Iran`s nuke tour without major powers, key allies
A weekend tour of Iran`s nuclear sites appears set to go ahead without Russia, China, the European Union or key allies Turkey and Brazil, blunting Tehran`s attempts.
Vienna: A weekend tour of Iran`s nuclear
sites appears set to go ahead without Russia, China, the
European Union or key allies Turkey and Brazil, blunting
Tehran`s attempts to gain support from major powers ahead of
crucial talks on its atomic activities.
On the eve of the visit, Iranian envoy Ali Asghar
Soltanieh said today that representatives of non-aligned
nations, developing countries, the Arab League, Venezuela and
Syria had accepted invitations to visit Iran`s central Natanz
enrichment facility and its still-unfinished heavy water
reactor at Arak.
"This trip will offer the most transparency" regarding
Iran`s nuclear programme, Soltanieh told a news agency,
adding that the diplomats would be able to see "everything
He declined to discuss which other nations had been
invited or their responses. But China and the EU have in
recent days publicly declined. And diplomats familiar with the
issue said Russia, Switzerland, and Turkey and Brazil had also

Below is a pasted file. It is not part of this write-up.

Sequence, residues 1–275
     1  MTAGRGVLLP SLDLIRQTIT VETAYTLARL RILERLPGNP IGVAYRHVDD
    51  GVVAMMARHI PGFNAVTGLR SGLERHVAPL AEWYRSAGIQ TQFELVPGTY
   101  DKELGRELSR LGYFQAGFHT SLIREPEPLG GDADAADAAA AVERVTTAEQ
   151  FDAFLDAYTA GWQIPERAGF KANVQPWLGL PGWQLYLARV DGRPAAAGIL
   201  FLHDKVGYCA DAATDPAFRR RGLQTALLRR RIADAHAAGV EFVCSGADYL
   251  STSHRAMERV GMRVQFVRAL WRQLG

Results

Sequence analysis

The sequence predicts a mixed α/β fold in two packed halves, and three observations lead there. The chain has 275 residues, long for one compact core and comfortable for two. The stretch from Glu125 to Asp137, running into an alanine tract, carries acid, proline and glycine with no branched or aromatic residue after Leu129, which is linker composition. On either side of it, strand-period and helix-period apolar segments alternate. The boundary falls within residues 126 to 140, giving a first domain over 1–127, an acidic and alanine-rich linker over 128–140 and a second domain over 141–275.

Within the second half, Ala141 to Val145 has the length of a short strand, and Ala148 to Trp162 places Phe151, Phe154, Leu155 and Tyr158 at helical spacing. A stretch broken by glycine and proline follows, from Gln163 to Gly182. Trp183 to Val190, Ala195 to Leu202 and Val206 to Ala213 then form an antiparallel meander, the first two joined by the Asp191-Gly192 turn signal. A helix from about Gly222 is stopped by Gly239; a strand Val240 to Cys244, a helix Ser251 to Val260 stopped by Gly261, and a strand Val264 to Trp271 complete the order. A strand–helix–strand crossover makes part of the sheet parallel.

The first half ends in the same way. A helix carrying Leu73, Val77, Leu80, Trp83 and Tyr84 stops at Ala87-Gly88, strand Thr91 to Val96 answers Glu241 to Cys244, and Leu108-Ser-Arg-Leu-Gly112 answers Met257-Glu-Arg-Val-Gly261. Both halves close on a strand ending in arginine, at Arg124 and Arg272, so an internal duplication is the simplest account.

either turned down invitations or had not responded with less
than a day to go before the departure from Vienna, where
Soltanieh represents Iran at the International Atomic Energy
The diplomats - all accredited to the IAEA, which is
tasked with probing Iran`s nuclear activities - asked for
anonymity because their information was privileged.
With crucial talks between Iran and six world powers
in Istanbul just a week away, the timing of the nuclear tour
and the choice of nations invited appeared a possible attempt
to weaken unity among Iran`s interlocutors.
Moscow and Beijing are part of the talks. At the same
time, they are generally opposed to attempts by the other four
- the United States, Britain, France and Germany - to sharpen
UN sanctions on Iran over its refusal to stop activities that
could be used to make nuclear weapons.
Neither the US nor the three other Western nations
were invited to the weekend tour.
Brazil and Turkey have recently emerged as important
allies for Tehran in backing attempts to restart negotiations
on a deal that would see Iran ship out some of its
low-enriched uranium in exchange for fuel rods for a small
reactor making medical isotopes.
Those talks stalled more than a year ago and the West
considers them increasingly irrelevant as a way to slow
Tehran`s ability to make nuclear weapons by removing some
material that could be enriched into weapons grade uranium.